Molly Rose Butt is originally from Suffolk and has been living and working in London for several years — and will be starting at the Turps painting program in a couple of months! She chats about recent influences from a residency in Ireland, the challenges of networking in the arts community, and her love of travel. More at the links below!
Can you tell me a little bit about you?
I have been living in London for the past nine years, having grown up in Suffolk on the East coast of England. I studied Fine Art, completing my BA at Kingston University in 2013 and going on to do an MFA at Wimbledon College of Art, graduating in 2016. I’ve been renting a studio space at the Koppel Project Hive in Holborn for the past two years, working various part-time jobs alongside my studio practice; I enjoy having a bit of variety and everyday is somewhat different but it is the full days of studio time that I look forward to the most. I live with my cat on my 21ft narrowboat and having a studio space that I can escape to makes my lack of living space more bearable.
I make paintings mostly, but I also spend a lot of time drawing and occasionally dip into printmaking and sculpture, when it feels right. In September I will be starting the studio programme at Turps Art School. I am so looking forward to it.
When did you first discover art, or realize you wanted to make it yourself?
I always loved art above all other subjects at school and creativity was definitely supported in my family. I guess it took a bit of a back seat during my high-school years whilst I was figuring stuff out and having fun but I decided to follow my brother to London to do an art foundation and from there I realised that I wanted to pursue painting. Before that I was unsure where my interests within art lay and I couldn’t really grasp the idea of being an artist, but on my BA in particular the tutors really inspired me to make art and to want to be an artist. I remember that moving to London was my first proper introduction to seeing the work of artists in galleries. I vaguely recall trips to the Tate galleries as a teenager, but although I enjoyed making art at that point it didn’t feel like a career option and I didn’t have much awareness of contemporary artists- I was more interested in fashion!
What ideas are you exploring in your practice?
I’m interested in the relationships that happen within the work, between the colours and the brushstrokes and the various motifs. I also incorporate 3D pieces into my work, creating installations that open up conversations between the paintings and the sculptures. These lead onto other pieces as I find new combinations between the different forms. My surroundings provide ideas for motifs, colour schemes and compositions, and I love travelling to new places and seeing different sights. I consider myself to be an abstract painter though the work is underpinned by an idea of a landscape, whether that be fictional or based loosely upon a place that I’ve been to. The landscape is often the starting point, becoming forgotten once the piece comes into its own and negotiations within the painted scene take over.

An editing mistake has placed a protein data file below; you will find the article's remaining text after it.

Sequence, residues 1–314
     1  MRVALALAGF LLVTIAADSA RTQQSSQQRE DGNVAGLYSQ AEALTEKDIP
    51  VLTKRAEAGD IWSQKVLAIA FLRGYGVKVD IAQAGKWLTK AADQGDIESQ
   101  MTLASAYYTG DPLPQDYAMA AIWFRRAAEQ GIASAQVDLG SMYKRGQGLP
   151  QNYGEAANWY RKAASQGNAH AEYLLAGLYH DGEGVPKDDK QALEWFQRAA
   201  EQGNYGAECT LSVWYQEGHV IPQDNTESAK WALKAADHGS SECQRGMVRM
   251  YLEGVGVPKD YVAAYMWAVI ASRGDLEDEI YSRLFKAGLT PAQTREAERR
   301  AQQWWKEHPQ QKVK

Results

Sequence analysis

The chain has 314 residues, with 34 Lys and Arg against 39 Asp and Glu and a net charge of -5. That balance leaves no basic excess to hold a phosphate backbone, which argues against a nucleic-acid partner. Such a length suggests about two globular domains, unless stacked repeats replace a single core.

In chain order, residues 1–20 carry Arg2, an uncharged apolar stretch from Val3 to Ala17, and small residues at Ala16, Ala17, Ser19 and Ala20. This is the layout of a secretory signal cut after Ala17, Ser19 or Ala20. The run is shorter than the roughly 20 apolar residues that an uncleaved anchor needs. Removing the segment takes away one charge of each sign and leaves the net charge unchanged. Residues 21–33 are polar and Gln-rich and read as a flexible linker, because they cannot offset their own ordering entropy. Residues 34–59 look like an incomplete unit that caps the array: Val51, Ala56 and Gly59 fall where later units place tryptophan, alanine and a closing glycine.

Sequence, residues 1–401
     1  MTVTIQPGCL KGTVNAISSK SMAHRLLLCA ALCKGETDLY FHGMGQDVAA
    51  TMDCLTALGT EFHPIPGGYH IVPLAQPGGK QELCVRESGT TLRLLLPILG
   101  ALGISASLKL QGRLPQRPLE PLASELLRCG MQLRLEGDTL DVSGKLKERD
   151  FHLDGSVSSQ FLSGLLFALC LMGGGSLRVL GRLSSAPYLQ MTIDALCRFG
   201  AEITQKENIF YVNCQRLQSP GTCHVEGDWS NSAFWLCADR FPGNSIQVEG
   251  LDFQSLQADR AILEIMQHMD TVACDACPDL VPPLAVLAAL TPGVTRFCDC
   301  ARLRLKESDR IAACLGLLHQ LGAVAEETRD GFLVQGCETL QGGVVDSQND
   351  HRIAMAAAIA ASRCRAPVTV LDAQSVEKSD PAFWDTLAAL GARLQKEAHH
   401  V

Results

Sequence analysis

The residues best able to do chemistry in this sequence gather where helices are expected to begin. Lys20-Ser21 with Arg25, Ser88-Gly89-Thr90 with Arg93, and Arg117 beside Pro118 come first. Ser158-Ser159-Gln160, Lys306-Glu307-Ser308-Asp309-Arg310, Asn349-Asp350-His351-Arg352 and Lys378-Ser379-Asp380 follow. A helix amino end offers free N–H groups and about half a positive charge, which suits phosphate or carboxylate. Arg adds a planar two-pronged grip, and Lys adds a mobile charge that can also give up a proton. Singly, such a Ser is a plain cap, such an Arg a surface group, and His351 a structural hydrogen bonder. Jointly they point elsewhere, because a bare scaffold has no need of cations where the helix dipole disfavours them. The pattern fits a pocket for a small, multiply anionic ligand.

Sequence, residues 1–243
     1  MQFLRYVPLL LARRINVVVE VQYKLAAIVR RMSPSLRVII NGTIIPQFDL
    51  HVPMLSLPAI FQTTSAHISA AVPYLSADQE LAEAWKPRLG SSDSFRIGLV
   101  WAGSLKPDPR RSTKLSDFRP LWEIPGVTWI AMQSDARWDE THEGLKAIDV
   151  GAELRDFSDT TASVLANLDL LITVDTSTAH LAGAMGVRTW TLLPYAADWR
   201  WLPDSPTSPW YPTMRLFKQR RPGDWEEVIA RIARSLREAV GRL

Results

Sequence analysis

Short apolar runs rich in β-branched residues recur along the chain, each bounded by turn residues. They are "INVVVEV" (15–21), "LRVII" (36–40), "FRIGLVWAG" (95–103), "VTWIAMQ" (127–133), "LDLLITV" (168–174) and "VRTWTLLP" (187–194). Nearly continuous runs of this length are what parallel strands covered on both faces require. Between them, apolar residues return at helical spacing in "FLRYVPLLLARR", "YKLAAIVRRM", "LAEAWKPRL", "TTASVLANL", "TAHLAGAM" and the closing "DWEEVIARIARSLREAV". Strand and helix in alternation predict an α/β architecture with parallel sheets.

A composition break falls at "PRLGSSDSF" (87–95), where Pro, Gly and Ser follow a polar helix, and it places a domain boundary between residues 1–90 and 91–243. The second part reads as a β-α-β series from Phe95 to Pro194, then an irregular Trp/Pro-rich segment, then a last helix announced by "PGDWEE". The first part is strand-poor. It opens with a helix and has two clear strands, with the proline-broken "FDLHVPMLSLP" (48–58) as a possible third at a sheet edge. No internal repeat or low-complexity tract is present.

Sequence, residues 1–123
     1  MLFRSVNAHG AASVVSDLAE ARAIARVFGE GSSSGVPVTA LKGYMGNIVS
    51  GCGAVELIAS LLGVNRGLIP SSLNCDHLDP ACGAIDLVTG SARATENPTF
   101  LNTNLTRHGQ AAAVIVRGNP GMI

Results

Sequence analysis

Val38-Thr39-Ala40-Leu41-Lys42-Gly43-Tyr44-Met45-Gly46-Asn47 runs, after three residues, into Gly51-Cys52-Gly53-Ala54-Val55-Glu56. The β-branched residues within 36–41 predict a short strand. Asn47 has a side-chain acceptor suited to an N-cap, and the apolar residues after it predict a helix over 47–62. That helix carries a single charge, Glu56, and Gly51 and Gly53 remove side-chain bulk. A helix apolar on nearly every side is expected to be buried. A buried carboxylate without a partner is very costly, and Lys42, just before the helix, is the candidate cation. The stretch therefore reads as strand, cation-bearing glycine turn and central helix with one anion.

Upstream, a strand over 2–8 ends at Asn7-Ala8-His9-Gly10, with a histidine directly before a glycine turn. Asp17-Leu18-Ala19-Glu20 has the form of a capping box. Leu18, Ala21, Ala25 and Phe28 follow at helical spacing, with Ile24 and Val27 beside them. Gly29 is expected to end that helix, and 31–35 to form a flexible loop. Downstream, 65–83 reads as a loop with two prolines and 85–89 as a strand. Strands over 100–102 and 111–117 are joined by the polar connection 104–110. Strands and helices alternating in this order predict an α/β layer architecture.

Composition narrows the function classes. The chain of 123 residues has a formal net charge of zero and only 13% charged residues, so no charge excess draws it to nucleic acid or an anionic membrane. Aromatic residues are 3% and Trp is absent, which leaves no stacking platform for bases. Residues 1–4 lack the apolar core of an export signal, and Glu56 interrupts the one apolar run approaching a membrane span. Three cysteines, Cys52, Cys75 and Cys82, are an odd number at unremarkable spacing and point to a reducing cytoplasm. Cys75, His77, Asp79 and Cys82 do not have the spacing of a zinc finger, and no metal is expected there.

What is your process like?
My process varies from piece to piece. Sometimes I begin with a photograph of a landscape to draw from, abstracting it until I have a scene that I want to work from. But I find that translating pencil marks into brush strokes never works out as planned so the painting is incredibly different from the drawing. Other times I work first in pastels to sketch out ideas and plot colour combinations. Recently I have been making watercolour paintings on watercolour paper, which I then go over in pastels. I love how the watercolour paints do unexpected things on the paper that I can then edit and manipulate with the bold pigment of the pastels. There’s also something nice about not being able to mix the colours for the pastel sketches- I am limited by what pastels I own, which forces me to make certain choices. Then when I begin with oil paints I can choose whether I want to remove this restriction because with oils I can mix whatever colour I want and make it as thick, as thin, as glossy or as matte as I desire.
I’ve found that I’m more comfortable working from a sketch, having an idea mapped out first, but sometimes I just feel like painting and want to go for it without having any idea of how it might turn out. I also use found objects as starting points, turning them into sculptures and repeating their shapes within the 2D works, amassing a load of images of the same shapes in different formations, which are then displayed alongside the sculptures. I like rearranging them in different constellations- this helps me plan my next steps. I often paint over things if I leave them hanging around for too long. Or cut them up, mix them about and stitch them back together again. I don’t mind recycling things in this way; in a sense the process is never-ending and making collages out of old pieces helps to reinvigorate my ideas.